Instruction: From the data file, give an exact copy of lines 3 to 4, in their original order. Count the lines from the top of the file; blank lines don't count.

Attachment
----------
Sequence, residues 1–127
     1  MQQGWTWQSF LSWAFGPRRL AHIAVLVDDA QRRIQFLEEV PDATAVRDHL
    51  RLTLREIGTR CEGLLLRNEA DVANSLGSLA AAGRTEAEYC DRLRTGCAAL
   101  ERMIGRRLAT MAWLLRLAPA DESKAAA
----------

    51  RLTLREIGTR CEGLLLRNEA DVANSLGSLA AAGRTEAEYC DRLRTGCAAL
   101  ERMIGRRLAT MAWLLRLAPA DESKAAA